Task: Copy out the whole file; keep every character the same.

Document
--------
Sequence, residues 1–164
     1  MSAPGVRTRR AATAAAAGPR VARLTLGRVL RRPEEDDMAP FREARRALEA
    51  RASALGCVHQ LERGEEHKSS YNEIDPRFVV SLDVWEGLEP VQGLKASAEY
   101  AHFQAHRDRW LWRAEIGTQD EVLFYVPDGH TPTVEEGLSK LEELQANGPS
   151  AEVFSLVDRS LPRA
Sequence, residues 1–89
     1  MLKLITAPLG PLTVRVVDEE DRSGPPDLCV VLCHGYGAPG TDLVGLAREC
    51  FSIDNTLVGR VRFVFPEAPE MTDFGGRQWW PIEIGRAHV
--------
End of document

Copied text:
Sequence, residues 1–164
     1  MSAPGVRTRR AATAAAAGPR VARLTLGRVL RRPEEDDMAP FREARRALEA
    51  RASALGCVHQ LERGEEHKSS YNEIDPRFVV SLDVWEGLEP VQGLKASAEY
   101  AHFQAHRDRW LWRAEIGTQD EVLFYVPDGH TPTVEEGLSK LEELQANGPS
   151  AEVFSLVDRS LPRA
Sequence, residues 1–89
     1  MLKLITAPLG PLTVRVVDEE DRSGPPDLCV VLCHGYGAPG TDLVGLAREC
    51  FSIDNTLVGR VRFVFPEAPE MTDFGGRQWW PIEIGRAHV